September is closer to New Year in my mind. I have been invigorated by the summer sunshine or certainly the summer light but there is a change in the air. A few tiny leaves waft to the ground. It’s not warm in the morning. There is a tinge of golden appearing on the trees. The smells are damper, edged with decay.
I freaking LOVE Autumn. I am full of the joys of Autumn. I love the excessively bright days where skies seem crazy blue when contrasted to the oranges, yellows and browns of the trees. I love blackberry picking.
With all this joy I feel I should channel some energy back into my blog. Kicking it off with an easy one but I hope it will help you get organised for the first full week back at school. This week’s menu includes lots of comfort meals and also freezer meals. Hopefully it will make the transition easier while we get used to the new old routine.
A couple of the recipes this week are doubled (or sometimes even tripled!) so I can put extra dinners in the freezer. I immediately add these to dates in our AnyList app so I don’t forget about them. They are always scaled to feed 6: the sixth dinner usually being lunch for Himself the next day.
As a reminder we have three children aged 14, 12 and 8. Two in primary and one just started Junior Cert year.
I’m running in the Dublin Mini Marathon on Monday 1st June. It’s a 10 kilometre race. I hope you will be able to sponsor me and support Arc Cancer Support Services.
I wouldn’t quite say I’ve got the running bug. Unlike a friend of mine I don’t look forward to my run every (second) day. I’m always glad when I’ve done it and building up to 10 kilometres (again!) over the last three months have given me a real sense of achievement. And a waist!
When I started running again (about a week before a significant birthday – analyse that!) I decided I was aiming for the mini-marathon. It’s finally nearly here and it will actually be my second race! To get in the mood (!) I took part in the Terenure 5 Mile. I would highly recommend this race to anyone starting or improving. It’s a nice flat race with a dedicated lane. There were very few walkers who were instructed to walk on the pavement as the runners passed them by. It kicked off at 11am, far enough from breakfast but not after lunch (hello Mini-marathon organisers: 2pm?)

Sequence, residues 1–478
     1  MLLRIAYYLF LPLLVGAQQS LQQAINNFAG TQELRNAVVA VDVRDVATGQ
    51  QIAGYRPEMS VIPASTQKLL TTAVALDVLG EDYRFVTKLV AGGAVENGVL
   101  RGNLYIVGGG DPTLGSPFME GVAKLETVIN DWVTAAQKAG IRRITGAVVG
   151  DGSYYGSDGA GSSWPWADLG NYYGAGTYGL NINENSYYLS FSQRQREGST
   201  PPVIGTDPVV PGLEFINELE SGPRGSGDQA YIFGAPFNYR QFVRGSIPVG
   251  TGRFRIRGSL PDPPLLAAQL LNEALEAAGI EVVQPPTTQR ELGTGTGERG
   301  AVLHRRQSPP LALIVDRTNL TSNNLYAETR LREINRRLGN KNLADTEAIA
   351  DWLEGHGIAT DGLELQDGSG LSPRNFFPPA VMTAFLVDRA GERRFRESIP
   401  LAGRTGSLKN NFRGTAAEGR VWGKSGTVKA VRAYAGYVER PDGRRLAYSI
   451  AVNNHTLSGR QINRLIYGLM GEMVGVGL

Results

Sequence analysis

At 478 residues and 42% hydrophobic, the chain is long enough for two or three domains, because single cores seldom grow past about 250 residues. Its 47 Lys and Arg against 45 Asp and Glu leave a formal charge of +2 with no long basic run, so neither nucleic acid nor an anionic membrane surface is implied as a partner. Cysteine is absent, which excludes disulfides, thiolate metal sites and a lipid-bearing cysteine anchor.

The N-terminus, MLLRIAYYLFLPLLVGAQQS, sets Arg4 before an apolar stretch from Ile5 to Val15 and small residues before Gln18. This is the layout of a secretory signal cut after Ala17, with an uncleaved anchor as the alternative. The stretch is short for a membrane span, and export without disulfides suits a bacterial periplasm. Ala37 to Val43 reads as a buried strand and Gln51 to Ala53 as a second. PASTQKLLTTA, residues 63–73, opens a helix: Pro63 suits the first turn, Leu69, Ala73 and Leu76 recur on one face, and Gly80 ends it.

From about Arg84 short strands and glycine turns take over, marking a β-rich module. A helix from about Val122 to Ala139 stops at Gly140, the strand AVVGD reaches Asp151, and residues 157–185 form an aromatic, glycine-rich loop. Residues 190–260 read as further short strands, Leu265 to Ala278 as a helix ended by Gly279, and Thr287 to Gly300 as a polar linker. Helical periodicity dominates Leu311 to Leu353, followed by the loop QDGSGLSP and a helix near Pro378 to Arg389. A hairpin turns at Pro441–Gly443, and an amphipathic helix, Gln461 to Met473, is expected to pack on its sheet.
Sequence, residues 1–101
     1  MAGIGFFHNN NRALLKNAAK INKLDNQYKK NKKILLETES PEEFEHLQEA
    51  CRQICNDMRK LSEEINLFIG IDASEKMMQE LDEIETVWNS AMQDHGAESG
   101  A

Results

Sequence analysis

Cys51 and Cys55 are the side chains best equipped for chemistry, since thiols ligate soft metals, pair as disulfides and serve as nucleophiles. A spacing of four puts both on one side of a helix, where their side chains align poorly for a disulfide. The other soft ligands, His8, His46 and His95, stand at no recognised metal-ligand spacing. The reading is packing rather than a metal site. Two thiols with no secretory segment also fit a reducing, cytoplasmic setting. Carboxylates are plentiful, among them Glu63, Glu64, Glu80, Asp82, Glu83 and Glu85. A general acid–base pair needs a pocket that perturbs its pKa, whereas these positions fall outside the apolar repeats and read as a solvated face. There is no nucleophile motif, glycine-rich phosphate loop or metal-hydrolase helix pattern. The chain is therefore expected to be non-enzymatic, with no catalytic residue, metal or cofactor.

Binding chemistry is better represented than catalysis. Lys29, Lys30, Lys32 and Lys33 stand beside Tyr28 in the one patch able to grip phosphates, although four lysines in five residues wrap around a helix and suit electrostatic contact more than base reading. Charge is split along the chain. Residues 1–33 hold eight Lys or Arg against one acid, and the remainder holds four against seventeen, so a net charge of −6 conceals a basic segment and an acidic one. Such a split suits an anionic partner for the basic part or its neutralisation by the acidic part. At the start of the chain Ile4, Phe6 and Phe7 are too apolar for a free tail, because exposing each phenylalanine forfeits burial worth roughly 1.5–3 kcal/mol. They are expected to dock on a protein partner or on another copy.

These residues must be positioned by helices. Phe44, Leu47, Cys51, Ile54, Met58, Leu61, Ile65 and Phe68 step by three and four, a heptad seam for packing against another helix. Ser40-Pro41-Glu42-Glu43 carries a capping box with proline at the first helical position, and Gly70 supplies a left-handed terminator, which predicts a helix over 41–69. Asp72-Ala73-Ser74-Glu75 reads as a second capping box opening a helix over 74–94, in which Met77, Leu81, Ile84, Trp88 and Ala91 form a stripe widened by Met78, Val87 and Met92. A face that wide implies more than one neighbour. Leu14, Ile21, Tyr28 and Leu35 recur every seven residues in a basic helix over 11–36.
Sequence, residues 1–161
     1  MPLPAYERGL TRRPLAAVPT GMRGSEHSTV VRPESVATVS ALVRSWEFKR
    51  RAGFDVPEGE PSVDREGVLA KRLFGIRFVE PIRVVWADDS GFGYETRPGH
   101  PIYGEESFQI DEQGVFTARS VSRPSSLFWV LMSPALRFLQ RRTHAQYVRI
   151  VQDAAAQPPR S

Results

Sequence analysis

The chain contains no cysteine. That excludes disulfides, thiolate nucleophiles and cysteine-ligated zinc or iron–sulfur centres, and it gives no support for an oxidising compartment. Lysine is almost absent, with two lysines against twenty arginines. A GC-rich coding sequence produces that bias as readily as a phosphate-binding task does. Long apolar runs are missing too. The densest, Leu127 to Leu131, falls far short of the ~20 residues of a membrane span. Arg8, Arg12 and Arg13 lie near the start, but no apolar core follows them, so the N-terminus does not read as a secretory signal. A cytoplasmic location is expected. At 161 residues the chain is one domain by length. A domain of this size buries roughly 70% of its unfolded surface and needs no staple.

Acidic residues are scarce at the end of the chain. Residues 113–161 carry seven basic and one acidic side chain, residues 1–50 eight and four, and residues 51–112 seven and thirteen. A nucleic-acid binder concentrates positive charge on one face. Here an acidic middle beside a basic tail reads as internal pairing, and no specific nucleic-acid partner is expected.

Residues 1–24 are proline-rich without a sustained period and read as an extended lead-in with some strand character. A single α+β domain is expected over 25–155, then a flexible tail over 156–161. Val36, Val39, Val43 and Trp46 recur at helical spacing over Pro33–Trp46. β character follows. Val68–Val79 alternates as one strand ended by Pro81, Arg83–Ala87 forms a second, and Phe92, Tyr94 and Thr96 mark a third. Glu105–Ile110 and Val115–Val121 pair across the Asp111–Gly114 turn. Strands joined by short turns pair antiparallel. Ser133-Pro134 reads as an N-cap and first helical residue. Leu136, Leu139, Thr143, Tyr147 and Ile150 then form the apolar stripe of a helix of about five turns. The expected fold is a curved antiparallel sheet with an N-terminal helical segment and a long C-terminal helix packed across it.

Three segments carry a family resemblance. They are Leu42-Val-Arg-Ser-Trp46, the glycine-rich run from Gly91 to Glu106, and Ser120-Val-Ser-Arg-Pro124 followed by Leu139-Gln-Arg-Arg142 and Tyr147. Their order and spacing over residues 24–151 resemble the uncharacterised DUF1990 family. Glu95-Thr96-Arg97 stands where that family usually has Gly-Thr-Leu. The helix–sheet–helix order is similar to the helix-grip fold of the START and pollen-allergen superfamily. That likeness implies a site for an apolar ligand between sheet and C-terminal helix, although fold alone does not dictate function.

Doing this race gave me a real sense of achievement and a strong idea of how I might hope to do over 10km. It was my first time running with other people and also with an audience. I didn’t really notice much except for a few incidences. There was a couple of folk rooting for us at the top of the (very slight) hill and they really spurred me on. I overheard a pedestrian saying to her companion, “God it’d really make you want to head to the pub for a pint.” Then a young kid near the end, standing outside his house, shouting, “I’ve got a Wispa for you!” cracked me up.
The only slight disappointment was that I wasn’t able to use my time (ahem 47min39sec) for the mini-marathon because it was 3 days after their closing date for qualifying times. I wonder will I manage it in under 75 minutes and make the fast joggers category…?
It’s amazing the hooks that keep you going when you are pushing yourself like this. I’m running the mini-marathon in aid of Arc Cancer Support Centre. You can sponsor me via MyCharity.ie. I know that thinking about all those donations and the work that Arc do is going to give me a massive push on the day. Thinking about the people it will benefit, two friends in particular, will keep my feet flying. Thinking about their positivity in the face of uncertainty will get me over that finish line.
I used the Run10k App to get me this far and highly recommend if you are starting from scratch.